The report notes that Syrian regime forces have continued to persecute and target Syrian citizens in areas under regime control in connection with their political dissent and expression of opinions, despite the right to both being guaranteed by the constitution and international law. This proves once again the truth of the crucial point which we have reiterated several times previously, namely that no Syrian citizen can feel safe from arrest since these are carried out without any basis in law or any oversight by any independent judiciary, and are perpetrated by the security services with no involvement by the judiciary. Following these arrests, detainees are routinely classified as forcibly disappeared persons, and therefore the areas under the control of the Syrian regime cannot be considered to constitute any sort of safe haven for residents there; all this underlines the fact that regime-controlled areas of Syria are very definitely not a safe haven for the return of refugees or IDPs.
The report stresses that there will be no stability or safety in light of the survival of the regime’s brutal security services, who have committed crimes against humanity since 2011 and are still continuing to do so up to the current date. The report adds that among the arrests and detentions documented by SNHR in September were those by Syrian regime forces that continued to pursue and arrest individuals who had concluded settlements of their security status with the Syrian regime in areas that had previously concluded settlement agreements with the regime; these arrests have been concentrated in Damascus Suburbs and Daraa governorates, with most occurring during campaigns of mass raids and arrests and at checkpoints.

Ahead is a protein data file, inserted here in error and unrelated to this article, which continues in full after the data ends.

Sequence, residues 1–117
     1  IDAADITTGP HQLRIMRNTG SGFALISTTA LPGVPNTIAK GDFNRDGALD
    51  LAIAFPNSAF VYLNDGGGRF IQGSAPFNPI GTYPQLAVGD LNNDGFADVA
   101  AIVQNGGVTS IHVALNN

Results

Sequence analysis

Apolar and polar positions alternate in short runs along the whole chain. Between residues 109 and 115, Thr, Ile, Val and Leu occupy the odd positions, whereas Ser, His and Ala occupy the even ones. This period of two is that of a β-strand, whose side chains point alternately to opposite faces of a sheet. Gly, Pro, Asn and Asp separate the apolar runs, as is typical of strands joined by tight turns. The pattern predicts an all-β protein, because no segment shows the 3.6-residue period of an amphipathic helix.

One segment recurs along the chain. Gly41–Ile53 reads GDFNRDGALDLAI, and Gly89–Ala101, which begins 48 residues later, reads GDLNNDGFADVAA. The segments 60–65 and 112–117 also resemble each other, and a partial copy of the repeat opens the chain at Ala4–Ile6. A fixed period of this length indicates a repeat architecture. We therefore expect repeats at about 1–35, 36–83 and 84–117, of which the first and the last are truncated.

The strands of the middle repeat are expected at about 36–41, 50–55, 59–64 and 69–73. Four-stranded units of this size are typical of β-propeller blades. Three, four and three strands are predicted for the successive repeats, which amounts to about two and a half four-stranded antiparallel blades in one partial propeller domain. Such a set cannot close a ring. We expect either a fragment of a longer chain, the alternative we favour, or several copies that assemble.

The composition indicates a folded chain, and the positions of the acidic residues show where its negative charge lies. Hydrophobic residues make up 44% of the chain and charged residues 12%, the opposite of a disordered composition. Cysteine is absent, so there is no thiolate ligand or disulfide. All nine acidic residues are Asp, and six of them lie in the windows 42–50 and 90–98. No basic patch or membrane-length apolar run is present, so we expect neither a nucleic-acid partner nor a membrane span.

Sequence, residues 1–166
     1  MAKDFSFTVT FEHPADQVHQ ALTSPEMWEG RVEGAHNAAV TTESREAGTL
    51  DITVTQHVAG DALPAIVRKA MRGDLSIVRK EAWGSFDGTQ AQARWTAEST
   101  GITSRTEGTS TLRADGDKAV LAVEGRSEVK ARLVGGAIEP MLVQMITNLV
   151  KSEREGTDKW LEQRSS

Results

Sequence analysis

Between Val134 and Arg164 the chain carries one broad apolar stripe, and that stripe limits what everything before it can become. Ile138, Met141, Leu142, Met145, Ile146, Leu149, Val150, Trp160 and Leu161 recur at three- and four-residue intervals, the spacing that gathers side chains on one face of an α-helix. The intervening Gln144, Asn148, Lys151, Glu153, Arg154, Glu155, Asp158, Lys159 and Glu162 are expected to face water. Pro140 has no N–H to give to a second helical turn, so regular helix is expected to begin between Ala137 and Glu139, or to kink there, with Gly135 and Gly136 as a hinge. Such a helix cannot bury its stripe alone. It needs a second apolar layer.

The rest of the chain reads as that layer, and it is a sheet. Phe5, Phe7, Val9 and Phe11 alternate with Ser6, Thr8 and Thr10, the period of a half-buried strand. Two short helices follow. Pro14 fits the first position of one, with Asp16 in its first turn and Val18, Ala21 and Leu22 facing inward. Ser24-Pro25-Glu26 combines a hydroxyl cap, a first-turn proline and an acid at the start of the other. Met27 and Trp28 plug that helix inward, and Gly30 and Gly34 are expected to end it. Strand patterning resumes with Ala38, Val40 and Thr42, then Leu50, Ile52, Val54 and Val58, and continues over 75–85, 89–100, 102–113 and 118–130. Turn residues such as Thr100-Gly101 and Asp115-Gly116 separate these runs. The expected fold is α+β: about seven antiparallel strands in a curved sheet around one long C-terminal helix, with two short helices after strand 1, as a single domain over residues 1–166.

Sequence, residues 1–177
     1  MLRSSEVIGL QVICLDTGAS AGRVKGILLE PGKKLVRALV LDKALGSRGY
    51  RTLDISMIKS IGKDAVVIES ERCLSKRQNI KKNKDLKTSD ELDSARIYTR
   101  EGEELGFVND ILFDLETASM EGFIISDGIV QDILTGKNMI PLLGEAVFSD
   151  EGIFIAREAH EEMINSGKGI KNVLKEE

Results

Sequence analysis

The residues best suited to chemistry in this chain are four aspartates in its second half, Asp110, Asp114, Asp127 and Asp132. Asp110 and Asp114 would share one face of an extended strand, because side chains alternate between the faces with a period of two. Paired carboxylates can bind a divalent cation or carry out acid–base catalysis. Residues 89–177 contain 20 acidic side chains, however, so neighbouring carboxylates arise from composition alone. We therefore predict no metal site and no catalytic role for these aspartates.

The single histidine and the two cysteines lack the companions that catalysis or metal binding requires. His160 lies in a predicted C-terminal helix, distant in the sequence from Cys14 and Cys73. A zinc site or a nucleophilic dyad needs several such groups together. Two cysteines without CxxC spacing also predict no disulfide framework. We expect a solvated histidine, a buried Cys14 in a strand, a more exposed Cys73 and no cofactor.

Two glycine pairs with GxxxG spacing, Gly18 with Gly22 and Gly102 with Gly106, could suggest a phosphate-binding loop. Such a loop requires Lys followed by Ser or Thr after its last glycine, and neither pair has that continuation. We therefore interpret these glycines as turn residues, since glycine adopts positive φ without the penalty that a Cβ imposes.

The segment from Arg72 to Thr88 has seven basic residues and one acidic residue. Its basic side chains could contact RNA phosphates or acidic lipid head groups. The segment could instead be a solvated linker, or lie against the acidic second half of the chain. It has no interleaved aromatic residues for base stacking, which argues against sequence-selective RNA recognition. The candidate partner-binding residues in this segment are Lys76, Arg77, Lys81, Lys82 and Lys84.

The report also documents random arrests of Syrian citizens in the governorates of Damascus Suburbs, Damascus, Deir Ez-Zour, and Aleppo, with most of these occurring during campaigns of mass raids and arrests, as well as at checkpoints. We believe these campaigns were launched on the basis of malicious security reports issued due to the targeted individuals’ opposition to the Syrian regime. In addition, the report records widespread arrests carried out by Syrian regime forces through the regime’s Criminal Security Force, targeting a number of civilians, including women, for involvement in exchanging foreign currency (US dollars); these arrests were concentrated in Damascus and Aleppo governorates. The report also documents arrests targeting returnees, both refugees and internally displaced persons, while they were trying to reach areas under the control of the Syrian regime. These arrests were concentrated near the Kasab border crossing in the northern suburbs of Latakia, and around the illegal crossings on the Syrian-Lebanese border in the suburbs of Homs governorates. The report also documents an arrest operation carried out by personnel from Syrian regime-affiliated militias of a woman and her children to pressure a family member who is a defected military personnel to surrender himself.